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Coming full circle

Ky Pohler, left, went to Brazil several times to work on research as a graduate student. In this photo taken in Brazil, to Pohler's left is Mike Smith. The two did research on cattle together in Brazil that helped launch his current position as an assistant professor at the University of Tennessee. Photo courtesy of Ky Pohler.

Ky Pohler, who earned his master's and doctorate degree through CAFNR's Division of Animal Sciences, poses with the Agri-King Outstanding Animal Science Graduate Award with James Coomer, a beef and dairy nutritionist at Agri-King. Photo courtesy of the ASAS. Images courtesy of CAFNR News. 

Mike Smith is no stranger to award podiums. During his 35-year tenure in the Division of Animal Sciences of the University of Missouri’s College of Agriculture, Food and Natural Resources, Smith has accumulated a mass of hardware for his achievements in the field of reproductive physiology – but his most recent honor, the L.E. Casida Award, stands out from them all.

At the American Society of Animal Science/American Dairy Science Association Joint Annual Meeting earlier this month in Orlando, Fla., Smith accepted the award, which recognizes excellence in the mentoring of graduate and/or postdoctoral students, while a former graduate student of his, Ky Pohler, received the Agri-King Outstanding Animal Science Graduate Student Award at the same meeting.

“It was sort of a composite of two awards that really were linked,” Pohler said. “Out of all the awards that I’ve seen Mike get, which is really an extensive list, I could tell that that award meant the most to him, so it was just unique for me to get my award at the same time he was getting his.”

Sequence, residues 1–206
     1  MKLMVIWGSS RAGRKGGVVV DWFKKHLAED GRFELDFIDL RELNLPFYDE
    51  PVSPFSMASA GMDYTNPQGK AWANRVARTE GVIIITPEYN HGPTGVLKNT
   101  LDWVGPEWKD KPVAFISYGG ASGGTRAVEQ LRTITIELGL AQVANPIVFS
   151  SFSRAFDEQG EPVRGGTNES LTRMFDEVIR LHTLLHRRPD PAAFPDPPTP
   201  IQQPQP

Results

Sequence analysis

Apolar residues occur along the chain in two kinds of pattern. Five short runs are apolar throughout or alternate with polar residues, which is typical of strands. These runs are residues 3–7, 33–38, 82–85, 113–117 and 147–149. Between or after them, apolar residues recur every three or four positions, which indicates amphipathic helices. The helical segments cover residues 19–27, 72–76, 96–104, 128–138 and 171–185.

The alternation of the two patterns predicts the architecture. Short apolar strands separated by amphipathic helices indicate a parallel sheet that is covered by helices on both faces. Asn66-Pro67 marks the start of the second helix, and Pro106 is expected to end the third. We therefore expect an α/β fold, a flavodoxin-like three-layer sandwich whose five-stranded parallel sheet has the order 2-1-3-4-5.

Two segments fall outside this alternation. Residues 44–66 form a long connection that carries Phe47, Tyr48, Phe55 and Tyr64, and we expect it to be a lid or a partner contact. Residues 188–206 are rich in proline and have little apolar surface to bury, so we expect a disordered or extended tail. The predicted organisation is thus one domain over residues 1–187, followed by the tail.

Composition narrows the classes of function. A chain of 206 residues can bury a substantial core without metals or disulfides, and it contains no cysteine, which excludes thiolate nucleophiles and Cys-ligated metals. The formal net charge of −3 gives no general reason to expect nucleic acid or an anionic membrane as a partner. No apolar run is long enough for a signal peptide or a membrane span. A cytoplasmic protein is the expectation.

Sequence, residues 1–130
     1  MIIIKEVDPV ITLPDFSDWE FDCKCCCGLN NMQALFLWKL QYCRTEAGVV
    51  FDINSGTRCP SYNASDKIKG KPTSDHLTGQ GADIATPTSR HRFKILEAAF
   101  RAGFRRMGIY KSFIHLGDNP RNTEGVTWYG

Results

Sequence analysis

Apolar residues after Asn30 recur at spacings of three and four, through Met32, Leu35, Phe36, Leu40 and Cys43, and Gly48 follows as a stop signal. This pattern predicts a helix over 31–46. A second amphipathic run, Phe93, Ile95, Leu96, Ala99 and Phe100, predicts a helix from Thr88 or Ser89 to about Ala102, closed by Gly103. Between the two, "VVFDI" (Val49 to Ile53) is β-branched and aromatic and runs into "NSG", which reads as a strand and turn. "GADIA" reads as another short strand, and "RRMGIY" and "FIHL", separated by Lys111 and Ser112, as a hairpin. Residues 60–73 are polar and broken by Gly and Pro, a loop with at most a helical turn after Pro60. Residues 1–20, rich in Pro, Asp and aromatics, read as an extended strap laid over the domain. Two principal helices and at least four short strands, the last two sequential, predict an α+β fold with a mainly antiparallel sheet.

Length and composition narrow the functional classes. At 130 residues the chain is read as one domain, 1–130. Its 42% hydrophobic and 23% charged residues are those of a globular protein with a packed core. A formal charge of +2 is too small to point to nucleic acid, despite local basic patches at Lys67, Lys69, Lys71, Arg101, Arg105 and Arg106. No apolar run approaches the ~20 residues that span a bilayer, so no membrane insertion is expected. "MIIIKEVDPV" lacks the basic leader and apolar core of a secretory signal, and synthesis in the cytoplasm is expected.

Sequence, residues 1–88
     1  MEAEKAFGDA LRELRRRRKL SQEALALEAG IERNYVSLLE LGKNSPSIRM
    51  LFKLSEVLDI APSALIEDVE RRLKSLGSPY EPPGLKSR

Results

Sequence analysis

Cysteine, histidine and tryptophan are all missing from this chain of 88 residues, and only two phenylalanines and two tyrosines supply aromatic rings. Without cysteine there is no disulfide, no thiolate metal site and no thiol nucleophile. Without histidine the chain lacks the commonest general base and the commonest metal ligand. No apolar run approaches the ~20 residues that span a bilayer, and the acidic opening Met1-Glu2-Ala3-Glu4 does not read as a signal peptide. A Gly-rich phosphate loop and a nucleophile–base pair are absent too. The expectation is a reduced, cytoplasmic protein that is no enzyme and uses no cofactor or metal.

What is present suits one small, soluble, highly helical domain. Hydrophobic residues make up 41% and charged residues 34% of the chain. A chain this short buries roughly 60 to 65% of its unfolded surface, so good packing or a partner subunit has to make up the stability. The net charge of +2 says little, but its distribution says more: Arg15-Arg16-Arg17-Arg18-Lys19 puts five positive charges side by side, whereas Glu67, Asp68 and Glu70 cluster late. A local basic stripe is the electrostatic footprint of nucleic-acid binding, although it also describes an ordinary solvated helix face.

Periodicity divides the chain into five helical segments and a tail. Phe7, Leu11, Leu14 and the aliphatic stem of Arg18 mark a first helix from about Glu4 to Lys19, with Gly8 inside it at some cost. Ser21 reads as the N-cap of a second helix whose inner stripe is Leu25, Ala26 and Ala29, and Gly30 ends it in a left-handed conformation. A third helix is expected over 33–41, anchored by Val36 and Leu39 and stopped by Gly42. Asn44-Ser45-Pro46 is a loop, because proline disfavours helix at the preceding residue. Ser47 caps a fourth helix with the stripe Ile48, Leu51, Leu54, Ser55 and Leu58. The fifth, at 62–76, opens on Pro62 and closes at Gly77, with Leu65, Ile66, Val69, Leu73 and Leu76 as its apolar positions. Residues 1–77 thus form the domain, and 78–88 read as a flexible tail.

Smith  agreed with his pupil’s assessment. “Training graduate students has been the most enjoyable and rewarding part of my career,” he said. “It’s certainly the most meaningful award I’ve received.”

During his acceptance speech, Smith mentioned his philosophy on graduate education, which really boils down to viewing any students who work with him as partners in research and teaching, who Smith tries to guide along the way.

“The important thing about graduate school, that I like, is that it is very individualized. The students identify a set of goals and then they try to find a mentor who can help them accomplish those goals,” said Smith, noting that the approach stands in contrast to that taken at a professional school.

“I don’t look as grad students as my employees who work for me or anything like that. I feel like we’re working as a team. Ky really embraced that concept. Our personalities were such that we were able to communicate and work really well together.”


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Campus: UMC
Key words: Agriculture, Competitiveness, MU Campus, Science, Teaching,
County: Boone